Home Gardener’s Guide

From our friends at the Oklahoma Cooperative Extension Service, Division of Agricultural Sciences and Natural Resources at Oklahoma State University



David Hillock


Vegetable Garden

  • Make fall vegetable garden plantings in late July.  Fact Sheet HLA-6009 gives planting recommendations.


  • Brown patch disease of cool-season grasses can be a problem. (HLA-6420)
  • Meet water requirements of turfgrasses. (HLA-6420)
  • Fertilization of warm-season grasses can continue if water is present for growth. (HLA-6420)
  • Vegetative establishment of warm-season grasses should be completed by the end of July to ensure the least risk of winter kill. (HLA-6419)
  • Mowing heights for cool-season turfgrasses should be at 3 inches during hot, dry summer months. Gradually raise mowing height of bermudagrass lawns from 1½ to 2 inches.
  • Sharpen or replace mower blades as needed.  Shredded leaf blades are an invitation to disease and allow more stress on the grass.

Tree and Shrub

  • Control bermudagrass around trees and shrubs with Poast, Fusilade or Glyphosate herbicides.  Follow directions closely to avoid harming desirable plants.


  • Continue insect combat and control in the orchard, garden and landscape.  (EPP-7306, EPP‑7313, EPP-7319)
  • Check pesticide labels for “stop” spraying recommendations prior to harvest.
  • Harvest fruit from the orchard early in the morning and refrigerate as soon as possible.


  • Divide and replant crowded Hybrid iris (Bearded Iris) after flowering until August.

General Landscape

  • Water plants deeply and early in the morning.  Most plants need approximately 1 to 2½ inches of water per week.
  • Providing birdbaths, shelter and food will help turn your landscape into a backyard wildlife habitat.
  • Insect identification is important so you don’t get rid of the “Good Guys.” (EPP-7307)
  • The hotter and drier it gets, the larger the spider mite populations!
  • Expect some leaf fall, a normal reaction to drought. Water young plantings well.
  • Have you visited The Botanic Garden in Stillwater for a group tour?


Discover What Your Fertilizer Needs are During July        

Becky Carroll

Although we fertilize in early spring, July is the time to find out what your pecan, peach or apple trees and grapevines really need.  Tissue analysis is a reliable management tool used to indicate the fertility needs of pecan, fruit trees and grapevines. Pecans and fruit trees can be monitored by collecting leaf samples while grapevine monitoring requires collection of leaf petioles.

July is the month for both sampling times. Pecan and fruit tree leaf samples are collected according to fact sheet HLA-6232 or the instructions located at Grapevine petiole sampling procedures can be found at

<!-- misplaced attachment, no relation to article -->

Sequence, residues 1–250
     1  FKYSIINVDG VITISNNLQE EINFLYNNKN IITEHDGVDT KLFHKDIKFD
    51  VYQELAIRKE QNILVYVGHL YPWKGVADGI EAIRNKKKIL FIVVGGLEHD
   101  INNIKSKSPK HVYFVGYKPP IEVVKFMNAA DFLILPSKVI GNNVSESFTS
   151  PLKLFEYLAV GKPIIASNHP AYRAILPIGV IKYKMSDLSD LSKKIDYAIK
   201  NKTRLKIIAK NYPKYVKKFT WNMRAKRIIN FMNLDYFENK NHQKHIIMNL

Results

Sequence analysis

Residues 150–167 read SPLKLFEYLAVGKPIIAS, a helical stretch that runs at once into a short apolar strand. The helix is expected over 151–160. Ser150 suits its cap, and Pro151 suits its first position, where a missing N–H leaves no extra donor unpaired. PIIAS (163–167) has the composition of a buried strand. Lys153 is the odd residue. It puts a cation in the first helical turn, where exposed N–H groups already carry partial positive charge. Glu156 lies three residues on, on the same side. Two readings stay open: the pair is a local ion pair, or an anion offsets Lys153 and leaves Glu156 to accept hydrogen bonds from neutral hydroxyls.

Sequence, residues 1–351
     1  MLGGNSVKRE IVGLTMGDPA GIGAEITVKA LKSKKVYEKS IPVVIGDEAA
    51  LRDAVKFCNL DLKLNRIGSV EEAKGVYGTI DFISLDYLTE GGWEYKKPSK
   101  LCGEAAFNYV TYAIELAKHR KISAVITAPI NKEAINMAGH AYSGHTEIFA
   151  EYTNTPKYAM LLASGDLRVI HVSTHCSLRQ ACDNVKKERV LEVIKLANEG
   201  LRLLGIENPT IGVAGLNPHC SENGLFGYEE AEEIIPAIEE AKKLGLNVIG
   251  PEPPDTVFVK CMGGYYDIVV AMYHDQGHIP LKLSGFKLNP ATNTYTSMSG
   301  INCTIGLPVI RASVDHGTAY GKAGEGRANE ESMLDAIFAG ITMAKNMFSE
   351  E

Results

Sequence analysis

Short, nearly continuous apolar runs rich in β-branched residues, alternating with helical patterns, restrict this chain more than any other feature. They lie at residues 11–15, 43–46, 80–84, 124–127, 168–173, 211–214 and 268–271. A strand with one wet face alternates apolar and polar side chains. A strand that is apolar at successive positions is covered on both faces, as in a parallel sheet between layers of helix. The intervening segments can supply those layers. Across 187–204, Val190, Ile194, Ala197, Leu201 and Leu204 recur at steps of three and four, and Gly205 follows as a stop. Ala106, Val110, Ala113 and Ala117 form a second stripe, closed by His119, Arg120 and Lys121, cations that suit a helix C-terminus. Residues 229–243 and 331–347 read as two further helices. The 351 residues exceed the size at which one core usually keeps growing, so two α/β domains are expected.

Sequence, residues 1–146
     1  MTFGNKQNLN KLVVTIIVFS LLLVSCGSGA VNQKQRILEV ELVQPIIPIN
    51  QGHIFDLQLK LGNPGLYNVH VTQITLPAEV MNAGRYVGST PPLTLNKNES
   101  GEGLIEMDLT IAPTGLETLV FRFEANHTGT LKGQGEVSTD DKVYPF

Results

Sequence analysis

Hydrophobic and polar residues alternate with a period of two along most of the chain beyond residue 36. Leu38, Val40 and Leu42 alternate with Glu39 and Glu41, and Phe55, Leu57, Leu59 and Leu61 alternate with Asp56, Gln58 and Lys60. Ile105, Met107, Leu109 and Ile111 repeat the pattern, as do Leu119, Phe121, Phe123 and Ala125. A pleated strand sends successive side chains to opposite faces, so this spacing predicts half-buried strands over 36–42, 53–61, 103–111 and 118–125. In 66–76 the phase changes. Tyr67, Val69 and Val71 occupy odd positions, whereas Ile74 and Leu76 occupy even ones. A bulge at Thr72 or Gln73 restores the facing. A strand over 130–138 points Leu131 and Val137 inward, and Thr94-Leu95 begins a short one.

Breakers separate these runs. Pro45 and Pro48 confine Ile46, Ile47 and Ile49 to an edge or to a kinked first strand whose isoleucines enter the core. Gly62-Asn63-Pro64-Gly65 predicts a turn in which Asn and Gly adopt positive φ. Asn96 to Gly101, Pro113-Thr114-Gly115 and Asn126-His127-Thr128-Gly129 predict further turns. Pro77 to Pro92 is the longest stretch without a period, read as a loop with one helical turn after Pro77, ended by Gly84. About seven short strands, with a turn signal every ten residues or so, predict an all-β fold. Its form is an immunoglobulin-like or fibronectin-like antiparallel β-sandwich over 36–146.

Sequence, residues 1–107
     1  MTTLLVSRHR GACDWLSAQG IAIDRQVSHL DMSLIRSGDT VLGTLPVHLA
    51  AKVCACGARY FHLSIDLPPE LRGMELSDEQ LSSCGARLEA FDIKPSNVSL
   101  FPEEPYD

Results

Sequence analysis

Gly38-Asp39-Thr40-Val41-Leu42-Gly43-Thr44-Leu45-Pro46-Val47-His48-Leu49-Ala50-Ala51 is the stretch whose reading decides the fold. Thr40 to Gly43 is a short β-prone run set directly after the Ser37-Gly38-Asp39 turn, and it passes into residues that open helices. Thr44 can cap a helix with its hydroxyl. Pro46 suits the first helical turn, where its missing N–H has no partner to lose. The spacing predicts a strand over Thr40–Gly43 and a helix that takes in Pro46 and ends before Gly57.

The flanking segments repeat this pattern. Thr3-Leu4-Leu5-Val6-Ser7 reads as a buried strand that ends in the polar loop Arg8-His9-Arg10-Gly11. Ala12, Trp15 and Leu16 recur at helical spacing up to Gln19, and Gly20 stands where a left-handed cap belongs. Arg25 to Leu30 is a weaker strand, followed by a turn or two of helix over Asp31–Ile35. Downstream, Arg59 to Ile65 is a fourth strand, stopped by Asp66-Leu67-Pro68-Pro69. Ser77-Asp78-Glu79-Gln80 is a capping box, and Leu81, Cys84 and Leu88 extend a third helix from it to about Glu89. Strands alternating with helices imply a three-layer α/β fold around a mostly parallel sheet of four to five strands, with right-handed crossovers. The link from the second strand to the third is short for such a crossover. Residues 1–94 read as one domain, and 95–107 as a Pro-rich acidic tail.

Results will only be as accurate as the sample collected so it is advised to follow the directions. Once the leaves are sampled, they should be submitted to the local county extension office. The cost for tissue analysis is $20. The extension office will send the samples to the OSU Soil, Water, and Forage Lab. The results will be returned to the extension educator and then shared with the grower.

Fertilizer recommendations will be provided for the following spring application. Frequently growers find out they are applying unnecessary nutrients and can reduce their costs of fertilizing. The fee for a leaf sample can be an inexpensive tool to determine shortages or excesses before problems develop.


Dividing and Replanting Iris

David Hillock

Irises are relatively carefree, easy to grow and long lived perennials; however, they should be divided every three to four years when they become crowded. Crowded iris will begin to decline in growth and will have fewer and smaller flowers.  Divide the rhizomes (underground stems) after the plants have flowered; July through August is the best time to do this in Oklahoma. Throw away any segments that are diseased, riddled with insects, or small and weak. Separate healthy rhizomes into segments with one fan of leaves and several roots. Cut the leaves back to six inches. When planting the new plant, spread the roots out in the soil and position the top of the rhizome at the soil surface. If planted too deep they will not flower as well and are more susceptible to disease and insect attack.


Planting Fall Vegetables

Kim Toscano

With temperatures soaring and the sun glaring, it is hard to think ahead to fall.  But mid-July is the right time to start planting several vegetables for a fall harvest.  Following is a list of fall crops and the appropriate planting times.

Crop                                        Planting Time                          Days to Harvest